#SMLive 2019: Babita Baruah on Behavioural Science for Digital Storytelling

Brand Saga

Behavioural science is about being irrational enough to drive the point home. Babita Baruah, Managing Partner, GTB India. WPP explains more

Behavioural science is a heavy topic that can be understood in a few days to a couple of years. Though it derives a lot from different fields of science, it isn’t so much a domain of science but about people who make and break brands.

Above all, it is about understanding the drivers of what makes people buy things a brand wishes to sell. It doesn’t always have to make sense. In fact, the key is to be irrational.

Babita Baruah kickstarts #SMLive with a powerful keynote on Behavioural Sciene and Digital Storytelling Catch the session LIVE here http://bit.ly/BabitaBaruah-SMLive

Posted by Social Samosa on Saturday, 29 June 2019

Babita pulls an example from her childhood to explain behavioural science. Her story begins on a day when her mother decides to surprise the family with a surprise breakfast and uses special cutlery to serve them tea and biscuit. The kids are overjoyed for their mother hardly ever uses that silverware and it is a moment of joy for them to be able to use it. It is much later in life that Babita comes to know how there was nothing in the home to eat that day due to tensions in Assam, where she lived. Instead of letting it be a dreary day, her mother had turned it into a celebratory meal.

Using this example, Babita explains the pillars of behavioural science.

It starts with nudging that sets the context. Then, there is framing and associations are drawn. Eventually, an overall association can be felt.

She takes it further by talking about airline food and magazine subscriptions. Though food is the last thing in the list of to-do for an airline from operations and branding perspectives, it actually makes a lot of difference to the experience of the passengers.

Same goes for the gratification people derive from the freebies that come with magazine subscriptions even though stories can be read online and freebies are products that can be bought. It is the gratification that trumps everything in such cases. This can be extended to the level of control people like to have when it comes to choosing seats at an auditorium or on a flight. It is possible that allocated seats might actually be better but the idea of having control is a plus for people.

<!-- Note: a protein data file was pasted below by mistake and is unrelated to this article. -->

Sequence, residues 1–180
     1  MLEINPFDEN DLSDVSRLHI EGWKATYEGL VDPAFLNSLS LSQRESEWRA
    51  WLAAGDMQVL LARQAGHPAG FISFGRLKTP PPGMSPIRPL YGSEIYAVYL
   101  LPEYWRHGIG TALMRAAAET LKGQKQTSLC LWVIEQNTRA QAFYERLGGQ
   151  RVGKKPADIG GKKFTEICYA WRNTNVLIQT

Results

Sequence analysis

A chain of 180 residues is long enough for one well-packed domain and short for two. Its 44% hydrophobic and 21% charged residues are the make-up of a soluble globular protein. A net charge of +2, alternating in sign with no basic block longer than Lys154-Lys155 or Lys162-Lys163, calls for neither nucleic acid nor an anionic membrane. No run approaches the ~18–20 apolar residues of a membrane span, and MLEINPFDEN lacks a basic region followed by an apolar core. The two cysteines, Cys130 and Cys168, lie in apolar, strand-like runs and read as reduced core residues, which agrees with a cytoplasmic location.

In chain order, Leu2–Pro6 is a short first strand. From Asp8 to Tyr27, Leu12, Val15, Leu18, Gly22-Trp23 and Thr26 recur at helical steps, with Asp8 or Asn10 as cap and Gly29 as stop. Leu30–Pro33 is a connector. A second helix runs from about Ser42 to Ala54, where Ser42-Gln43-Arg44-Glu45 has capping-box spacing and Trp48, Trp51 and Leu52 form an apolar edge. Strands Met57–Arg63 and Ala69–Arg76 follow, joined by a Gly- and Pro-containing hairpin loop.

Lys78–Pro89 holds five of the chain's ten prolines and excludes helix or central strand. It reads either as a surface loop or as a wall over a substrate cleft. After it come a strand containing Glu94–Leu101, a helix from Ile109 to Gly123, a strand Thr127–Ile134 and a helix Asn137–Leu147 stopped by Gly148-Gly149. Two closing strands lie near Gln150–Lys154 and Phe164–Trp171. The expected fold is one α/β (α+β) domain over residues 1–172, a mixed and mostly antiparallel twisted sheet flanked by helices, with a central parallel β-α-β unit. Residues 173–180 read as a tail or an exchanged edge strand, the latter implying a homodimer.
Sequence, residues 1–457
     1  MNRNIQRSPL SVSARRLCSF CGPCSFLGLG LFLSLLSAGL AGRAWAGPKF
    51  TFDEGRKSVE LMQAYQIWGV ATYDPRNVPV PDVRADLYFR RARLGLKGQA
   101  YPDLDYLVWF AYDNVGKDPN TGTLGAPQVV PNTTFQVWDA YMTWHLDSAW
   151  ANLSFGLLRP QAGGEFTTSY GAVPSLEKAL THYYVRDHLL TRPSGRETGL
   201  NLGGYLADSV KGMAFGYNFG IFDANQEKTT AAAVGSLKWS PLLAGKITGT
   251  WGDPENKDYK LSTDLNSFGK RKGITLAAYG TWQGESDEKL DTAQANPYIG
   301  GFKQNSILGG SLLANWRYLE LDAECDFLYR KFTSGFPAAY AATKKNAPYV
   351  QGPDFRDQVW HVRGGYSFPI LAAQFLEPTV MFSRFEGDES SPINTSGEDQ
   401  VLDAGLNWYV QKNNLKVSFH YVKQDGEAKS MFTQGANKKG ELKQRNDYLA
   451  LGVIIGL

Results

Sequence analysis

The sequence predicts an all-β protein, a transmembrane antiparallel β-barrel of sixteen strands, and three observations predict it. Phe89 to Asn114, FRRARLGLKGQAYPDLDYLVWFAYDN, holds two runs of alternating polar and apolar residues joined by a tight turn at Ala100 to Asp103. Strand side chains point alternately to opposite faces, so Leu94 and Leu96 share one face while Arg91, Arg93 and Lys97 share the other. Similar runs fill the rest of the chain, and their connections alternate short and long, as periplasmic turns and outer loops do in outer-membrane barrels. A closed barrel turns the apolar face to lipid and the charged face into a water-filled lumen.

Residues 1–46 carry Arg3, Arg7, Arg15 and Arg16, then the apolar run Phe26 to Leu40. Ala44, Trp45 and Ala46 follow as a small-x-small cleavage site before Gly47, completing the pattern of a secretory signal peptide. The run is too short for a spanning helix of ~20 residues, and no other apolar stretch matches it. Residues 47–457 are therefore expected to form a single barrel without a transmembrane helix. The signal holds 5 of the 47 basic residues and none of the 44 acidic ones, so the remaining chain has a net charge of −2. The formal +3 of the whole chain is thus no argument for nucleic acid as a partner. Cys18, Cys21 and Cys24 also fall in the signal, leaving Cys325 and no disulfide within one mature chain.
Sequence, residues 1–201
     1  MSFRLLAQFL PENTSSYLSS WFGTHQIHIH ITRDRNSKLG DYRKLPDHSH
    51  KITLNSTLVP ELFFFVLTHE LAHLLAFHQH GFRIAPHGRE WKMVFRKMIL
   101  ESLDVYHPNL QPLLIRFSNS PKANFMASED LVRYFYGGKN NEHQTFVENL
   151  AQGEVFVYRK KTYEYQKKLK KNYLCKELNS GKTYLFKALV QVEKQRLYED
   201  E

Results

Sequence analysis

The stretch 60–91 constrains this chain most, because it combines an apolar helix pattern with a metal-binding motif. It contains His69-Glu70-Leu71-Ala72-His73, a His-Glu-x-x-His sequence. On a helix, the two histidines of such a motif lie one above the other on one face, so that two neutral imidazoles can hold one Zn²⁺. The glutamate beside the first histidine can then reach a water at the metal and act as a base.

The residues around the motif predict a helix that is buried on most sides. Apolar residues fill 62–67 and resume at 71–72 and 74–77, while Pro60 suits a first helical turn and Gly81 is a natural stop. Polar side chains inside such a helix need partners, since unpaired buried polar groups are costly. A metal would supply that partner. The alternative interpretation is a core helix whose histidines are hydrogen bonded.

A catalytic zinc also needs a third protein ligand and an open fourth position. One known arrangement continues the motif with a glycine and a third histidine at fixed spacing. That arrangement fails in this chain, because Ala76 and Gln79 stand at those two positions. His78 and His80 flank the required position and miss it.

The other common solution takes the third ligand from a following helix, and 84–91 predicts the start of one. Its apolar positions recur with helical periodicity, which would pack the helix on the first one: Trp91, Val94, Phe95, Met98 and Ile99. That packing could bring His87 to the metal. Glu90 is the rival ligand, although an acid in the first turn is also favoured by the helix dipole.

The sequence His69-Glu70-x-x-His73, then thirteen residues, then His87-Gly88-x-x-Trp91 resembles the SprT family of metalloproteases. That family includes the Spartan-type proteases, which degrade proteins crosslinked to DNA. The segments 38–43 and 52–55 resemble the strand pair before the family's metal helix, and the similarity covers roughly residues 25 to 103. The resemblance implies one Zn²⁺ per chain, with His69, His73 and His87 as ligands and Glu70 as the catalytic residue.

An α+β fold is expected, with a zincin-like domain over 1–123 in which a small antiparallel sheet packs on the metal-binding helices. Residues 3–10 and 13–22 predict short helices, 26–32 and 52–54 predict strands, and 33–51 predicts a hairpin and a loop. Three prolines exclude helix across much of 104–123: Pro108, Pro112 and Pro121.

Digital storytelling works best when time is considered key. It is important to make content real and personal. People tend to connect when they feel what they are seeing is raw, immediate, and unedited. It adds credibility to the topic. Another factor is to go terribly tiny and use that time frame judicially. Next factor is to instigate action and remember that storytelling works best when its framed against a context.

She wraps up the session by talking about how including media planners into the creative meetings is important for it takes a mix of everything to be able to communicate effectively.

Success stories can be written only when brands serve something that consumers like to consume. It is equally important to observe, spend time and talk to real people who are among the target groups. Campaigns won’t work if they are created by seating behind desks.


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